Many of us will proudly proclaim our faith or tribe affiliation. “I am Jewish” or “I am a Jew” is professed with a confidence born out of the knowledge that you are affiliated with a people steeped in culture and learning for over 4,000 years. But in polite circles, there is something we dare not speak aloud: so I'll say it softly at first and see how it goes – I am a passionate Zionist.
You see, the term has been perverted or used to excoriate us by those who seek to delegitimize Israel or question the loyalty of Jewish Americans. We reflexively cringe at the term’s very mention.
I'll let you in on a secret: you need not live in Israel nor abandon your loyalty or love of America to be a Zionist. In fact, no less a patriot than Senator John McCain reinforced that notion when he proclaimed “it’s no contradiction to be a loyal American and a supporter of the Zionist mission."
We at Jewish National Fund are perhaps a bit more comfortable with the ideology and identity than many of our co-religionists. After all, the father of modern Zionism, Theodore Herzl, is our founder. He, like no other, in the wake of the Dreyfus trial understood the need to return to Zion – to our ancient, current and future National Home.
There are those that bristle at the notion of a formal declaration of Israel as a Jewish state – as the Jewish state – and for very good reasons such as concerns for minority rights or world opinion.
And mind you, let's not even get into the broader issue of Palestinian statehood, which, for the record, I support. But within Israel's borders, non-Jews have equal rights and receive consideration that Jews living in European States or Muslim lands could only dream of prior to the creation of the modern state of Israel.
For me, Zionism is the exquisitely incongruous product of our collective ancestral pain coupled with a yearning to return from exile to the land of our forefathers and foremothers. It is a land with Jewish farmers, scientists, fireman and soldiers serving under the Star of David in a Jewish army. For Herzl, who I like to call our prophet for a new Millennium, it is a return to our source, to our sanctuary, to our destiny.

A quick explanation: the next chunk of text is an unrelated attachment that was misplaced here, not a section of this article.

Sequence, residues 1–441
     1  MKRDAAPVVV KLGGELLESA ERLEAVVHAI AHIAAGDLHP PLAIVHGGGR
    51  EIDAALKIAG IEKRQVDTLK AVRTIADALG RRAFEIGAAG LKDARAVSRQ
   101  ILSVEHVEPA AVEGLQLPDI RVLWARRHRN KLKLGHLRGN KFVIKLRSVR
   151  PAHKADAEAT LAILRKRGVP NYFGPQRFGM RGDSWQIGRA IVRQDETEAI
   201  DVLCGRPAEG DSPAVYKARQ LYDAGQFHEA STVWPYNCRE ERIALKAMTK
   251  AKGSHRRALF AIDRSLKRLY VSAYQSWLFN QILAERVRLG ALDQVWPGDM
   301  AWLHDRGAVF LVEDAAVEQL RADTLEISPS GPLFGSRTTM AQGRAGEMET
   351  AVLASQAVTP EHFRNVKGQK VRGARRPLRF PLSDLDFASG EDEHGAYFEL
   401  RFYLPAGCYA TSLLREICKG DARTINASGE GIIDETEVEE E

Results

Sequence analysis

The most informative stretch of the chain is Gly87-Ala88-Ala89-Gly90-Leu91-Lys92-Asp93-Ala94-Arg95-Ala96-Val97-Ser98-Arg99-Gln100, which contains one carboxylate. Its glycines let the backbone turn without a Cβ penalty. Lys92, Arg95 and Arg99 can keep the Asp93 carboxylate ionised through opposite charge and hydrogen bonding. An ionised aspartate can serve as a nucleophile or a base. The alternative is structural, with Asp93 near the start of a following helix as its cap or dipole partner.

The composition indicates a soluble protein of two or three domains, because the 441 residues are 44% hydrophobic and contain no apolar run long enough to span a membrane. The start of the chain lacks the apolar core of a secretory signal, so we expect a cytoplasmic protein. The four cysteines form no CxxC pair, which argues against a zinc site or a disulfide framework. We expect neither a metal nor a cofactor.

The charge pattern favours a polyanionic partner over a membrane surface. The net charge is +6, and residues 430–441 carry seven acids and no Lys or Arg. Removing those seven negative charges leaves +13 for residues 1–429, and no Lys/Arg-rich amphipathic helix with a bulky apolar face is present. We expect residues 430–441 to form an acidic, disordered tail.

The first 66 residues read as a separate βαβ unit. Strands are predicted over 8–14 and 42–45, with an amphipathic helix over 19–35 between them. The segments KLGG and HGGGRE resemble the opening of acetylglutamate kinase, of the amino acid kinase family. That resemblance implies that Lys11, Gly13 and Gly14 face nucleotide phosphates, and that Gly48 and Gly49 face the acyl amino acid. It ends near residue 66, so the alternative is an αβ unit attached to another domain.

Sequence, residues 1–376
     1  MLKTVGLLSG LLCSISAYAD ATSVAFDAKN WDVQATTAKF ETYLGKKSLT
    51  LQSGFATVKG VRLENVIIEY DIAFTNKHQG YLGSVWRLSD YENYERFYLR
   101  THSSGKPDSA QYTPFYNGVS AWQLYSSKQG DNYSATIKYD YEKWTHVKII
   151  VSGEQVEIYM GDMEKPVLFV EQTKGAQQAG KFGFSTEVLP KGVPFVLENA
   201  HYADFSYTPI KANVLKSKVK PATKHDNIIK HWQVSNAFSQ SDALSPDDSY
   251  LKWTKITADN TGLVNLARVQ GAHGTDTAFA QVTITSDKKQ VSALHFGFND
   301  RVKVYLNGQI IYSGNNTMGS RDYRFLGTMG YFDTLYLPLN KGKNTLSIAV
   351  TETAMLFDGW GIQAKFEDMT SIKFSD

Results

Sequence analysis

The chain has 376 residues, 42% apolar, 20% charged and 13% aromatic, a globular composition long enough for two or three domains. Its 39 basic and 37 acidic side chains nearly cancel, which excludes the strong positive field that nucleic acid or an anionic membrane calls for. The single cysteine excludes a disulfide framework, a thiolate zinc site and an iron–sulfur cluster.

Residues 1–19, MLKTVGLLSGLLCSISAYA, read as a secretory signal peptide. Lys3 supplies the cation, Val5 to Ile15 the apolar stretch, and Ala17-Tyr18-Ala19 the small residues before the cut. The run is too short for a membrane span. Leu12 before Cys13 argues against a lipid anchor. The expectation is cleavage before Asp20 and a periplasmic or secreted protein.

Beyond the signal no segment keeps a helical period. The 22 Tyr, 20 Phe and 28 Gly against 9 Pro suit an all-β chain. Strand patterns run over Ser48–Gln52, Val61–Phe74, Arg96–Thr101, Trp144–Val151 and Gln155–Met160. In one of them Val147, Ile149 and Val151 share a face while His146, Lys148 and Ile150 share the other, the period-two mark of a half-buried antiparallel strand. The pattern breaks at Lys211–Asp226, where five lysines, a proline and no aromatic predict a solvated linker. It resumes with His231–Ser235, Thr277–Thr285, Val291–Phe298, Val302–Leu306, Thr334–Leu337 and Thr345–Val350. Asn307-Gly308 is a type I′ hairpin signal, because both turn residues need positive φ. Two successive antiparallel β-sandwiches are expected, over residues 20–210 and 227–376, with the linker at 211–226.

We, as a people, are unique in that it is difficult to separate the Jewish faith from the Jewish people, and make no mistake, we are a people, a nation, a community, whether we live in Timbuktu or Tel Aviv. But yearning and faith in and of itself does not create a nation. And it was left to Jewish National Fund to energize the Diaspora, raise the funds to buy the land and make the desert bloom again.
How many times have you heard that phrase, “Israel made the desert bloom?” It sounds a bit cliché, but more pointedly, it was and is Jewish National Fund and the Jewish people or nation wherever they reside, who pulled together as a global community to grow a modern state – the Jewish state.
Our legacy as an organization speaks to our Hebrew name, Keren Keyemet L'Yisrael – it translates as the “Eternal Fund” for it belongs to the Jewish people and our non-Jewish supporters throughout the world. Its purpose is crystal clear – to support and sustain the Jewish state forever more.
So we planted 250 million trees and built hundreds of reservoirs and security roads and infrastructure from Metula to the Negev. And when the Palestinian Authority was planning to build its first major city in the West Bank since the middle of the Ottoman Empire’s reign, they turned to JNF to help plan and plant it – and we did.
And when a medical clinic is needed in the Negev, JNF is there. When security roads are critical in the North to shield school children from Hezbollah guns and rockets, JNF is there. When the children of Sderot need sanctuary from a hailstorm of missiles from Gaza, JNF is there building an indoor playground and bomb shelter, a community center that makes life livable for all who reside there.
We at JNF are the ubiquitous symbol of environmental sciences, nature and infrastructure that in large part makes Israel—Israel. JNF's connection to the land of Israel is spiritual and sustainable. Our efforts bridge the space between that which nourishes our souls and the soil.
In English, the only difference between soul and soil are the letters “U” and “I,” and it is you and I in the larger sense that engenders hope or tikvah to a land and its people.
My wife Lisa and I and all of us on the JNF-Chicago Board are grateful to be part of this amazing organization. We are active participants in building a nation; we are building the Jewish nation.
Am Yisrael Chai.